Pilipino Americans share history with campus
Community presents heritage through month-long slate of
By Allison Lefkowitz
Daily Bruin Staff
For the first time ever, the UCLA Pilipino community is sharing
its history and heritage through a Pilipino American History
Inspired by a trip to the Filipino American National Historical
Society’s conference in San Francisco this past summer, students of
seven different campus Pilipino groups came together to organize
the history month.
"It is very important for people to know about the history of
Pilipino Americans because it is something that is never taught,"
said Dawn Mabalon, director of the Samahang Pilipino Education and
"We are the oldest Asian American group in the United States,
the largest in California and the second largest but fastest
growing Asian Americans in the nation," Mabalon continued.
The students chose October for the history month because the
first Pilipinos stepped foot in the Americas in October 1587. Large
waves of immigration began in 1898 after the United States annexed
the Philippines and since 1965, only Mexico has sent more
immigrants to the United States. Los Angeles is home to the largest
Pilipino American community outside of Manila.
The UCLA Pilipino American population Â which includes
almost 1,000 students Â is represented by Samahang Pilipino,
along with other groups including Pilipinos for Community Health
and the Pilipino Recruitment and Enrichment Program.
Students said they planned the history month to educate the
campus about Pilipino American history as well as its modern day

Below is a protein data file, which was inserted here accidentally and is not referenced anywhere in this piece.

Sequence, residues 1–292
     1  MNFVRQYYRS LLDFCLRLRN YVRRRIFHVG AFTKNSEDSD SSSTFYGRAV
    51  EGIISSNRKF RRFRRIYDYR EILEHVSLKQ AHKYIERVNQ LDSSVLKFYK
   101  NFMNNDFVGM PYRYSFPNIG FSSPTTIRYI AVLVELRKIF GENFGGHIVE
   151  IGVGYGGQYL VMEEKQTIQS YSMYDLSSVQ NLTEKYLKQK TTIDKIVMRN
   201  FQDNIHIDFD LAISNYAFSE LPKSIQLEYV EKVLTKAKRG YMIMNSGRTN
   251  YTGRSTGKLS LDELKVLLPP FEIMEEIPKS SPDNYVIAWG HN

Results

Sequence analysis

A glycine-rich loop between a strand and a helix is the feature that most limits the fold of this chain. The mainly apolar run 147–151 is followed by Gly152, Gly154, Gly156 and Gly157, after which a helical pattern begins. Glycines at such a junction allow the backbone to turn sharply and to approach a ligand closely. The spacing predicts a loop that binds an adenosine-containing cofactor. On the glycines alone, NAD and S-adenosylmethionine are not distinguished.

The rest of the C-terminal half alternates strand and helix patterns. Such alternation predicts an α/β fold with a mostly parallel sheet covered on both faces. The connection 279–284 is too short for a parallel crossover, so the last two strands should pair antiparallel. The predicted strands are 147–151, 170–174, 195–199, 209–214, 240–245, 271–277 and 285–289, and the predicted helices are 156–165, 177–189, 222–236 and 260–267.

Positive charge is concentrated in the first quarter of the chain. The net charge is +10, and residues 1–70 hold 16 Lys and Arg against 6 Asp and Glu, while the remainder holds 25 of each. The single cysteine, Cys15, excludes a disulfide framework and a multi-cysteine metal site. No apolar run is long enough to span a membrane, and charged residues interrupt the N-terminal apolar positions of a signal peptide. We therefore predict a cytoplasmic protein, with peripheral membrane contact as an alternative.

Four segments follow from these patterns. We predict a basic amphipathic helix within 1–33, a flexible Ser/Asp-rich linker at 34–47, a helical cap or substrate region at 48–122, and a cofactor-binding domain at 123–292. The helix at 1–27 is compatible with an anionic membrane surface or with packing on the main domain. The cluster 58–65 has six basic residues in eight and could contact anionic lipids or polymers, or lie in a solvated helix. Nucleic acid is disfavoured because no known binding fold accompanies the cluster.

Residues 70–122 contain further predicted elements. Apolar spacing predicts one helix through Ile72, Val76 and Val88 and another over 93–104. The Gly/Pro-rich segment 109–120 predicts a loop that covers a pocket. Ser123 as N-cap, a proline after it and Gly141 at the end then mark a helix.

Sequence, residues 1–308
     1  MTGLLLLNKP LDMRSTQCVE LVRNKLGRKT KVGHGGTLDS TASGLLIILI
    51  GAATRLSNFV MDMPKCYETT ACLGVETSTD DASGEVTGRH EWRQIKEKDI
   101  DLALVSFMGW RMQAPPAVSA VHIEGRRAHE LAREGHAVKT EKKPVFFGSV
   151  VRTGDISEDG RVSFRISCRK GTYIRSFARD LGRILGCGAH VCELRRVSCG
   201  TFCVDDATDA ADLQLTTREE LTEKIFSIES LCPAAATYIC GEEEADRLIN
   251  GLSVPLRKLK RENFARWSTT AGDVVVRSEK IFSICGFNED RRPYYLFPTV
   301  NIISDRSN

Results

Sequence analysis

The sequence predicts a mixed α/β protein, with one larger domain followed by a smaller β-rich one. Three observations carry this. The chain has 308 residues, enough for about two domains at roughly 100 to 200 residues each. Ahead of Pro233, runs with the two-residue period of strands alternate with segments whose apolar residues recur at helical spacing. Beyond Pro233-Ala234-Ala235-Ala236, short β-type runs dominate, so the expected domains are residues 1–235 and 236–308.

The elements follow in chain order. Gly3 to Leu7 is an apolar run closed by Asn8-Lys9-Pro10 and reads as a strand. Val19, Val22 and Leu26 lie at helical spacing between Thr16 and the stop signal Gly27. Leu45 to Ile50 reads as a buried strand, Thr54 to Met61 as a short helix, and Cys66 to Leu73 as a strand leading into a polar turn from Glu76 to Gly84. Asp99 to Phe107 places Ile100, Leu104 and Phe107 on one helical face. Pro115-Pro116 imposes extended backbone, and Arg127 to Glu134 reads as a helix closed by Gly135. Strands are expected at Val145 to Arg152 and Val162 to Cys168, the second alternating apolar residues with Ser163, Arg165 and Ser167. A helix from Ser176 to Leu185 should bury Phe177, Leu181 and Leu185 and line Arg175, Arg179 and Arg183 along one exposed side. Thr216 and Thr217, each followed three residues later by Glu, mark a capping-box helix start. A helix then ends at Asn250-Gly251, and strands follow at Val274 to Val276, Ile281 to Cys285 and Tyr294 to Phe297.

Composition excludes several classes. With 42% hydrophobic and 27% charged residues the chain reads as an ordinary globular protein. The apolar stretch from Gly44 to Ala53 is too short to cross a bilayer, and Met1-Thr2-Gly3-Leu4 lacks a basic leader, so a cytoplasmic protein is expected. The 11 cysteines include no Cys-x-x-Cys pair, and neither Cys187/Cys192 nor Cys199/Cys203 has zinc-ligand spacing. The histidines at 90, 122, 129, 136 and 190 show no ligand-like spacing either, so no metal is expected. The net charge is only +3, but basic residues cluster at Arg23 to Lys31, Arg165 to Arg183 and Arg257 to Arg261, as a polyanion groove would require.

issues and struggles.
"We are receiving national recognition from the Pilipino
community," said Valerie Villaraza, coordinator of the history
month. "We are hoping to set a precedent for other college
communities to follow."
Beginning with a Culturefest held in Westwood Plaza earlier this
month, the history month programs have included a lecture series on
Gender and Sexuality in Modern Pilipino American Culture and a
forum about AIDS in the Pilipino American community.
"The lecture on Gender and Sexuality brought prominent feminist,
gay, lesbian and bisexual Pilipino leaders to campus to talk about
their experiences and give (the students) Pilipino role models,"
"The AIDS forum helped to make people feel comfortable talking
about the issue, especially since the Pilipino American community
has the largest number of AIDS cases within the Asian American
community," Mabalon continued.
The month’s activities will continue with programs including an
exhibit in the Kerckhoff Art Gallery, a film in Ackerman Grand
Ballroom and poetry readings.
Pilipino American History Month will conclude on October 27 with
a rally in Schoenberg Plaza to inform the UCLA community about
efforts to save a class on Tagalog, one of the languages of the
Philippines. The class is scheduled to end after this year, and the
Pilipino community is fighting to have it permanently implemented
into UCLA’s curriculum.
"If the administration claims this is a diverse university, then
why can’t Tagalog be offered permanently?" said Ernesto de Guzman,
president of Samahang Pilipino. "There is a demand and an interest
in the subject, and I don’t know why the administration is blind to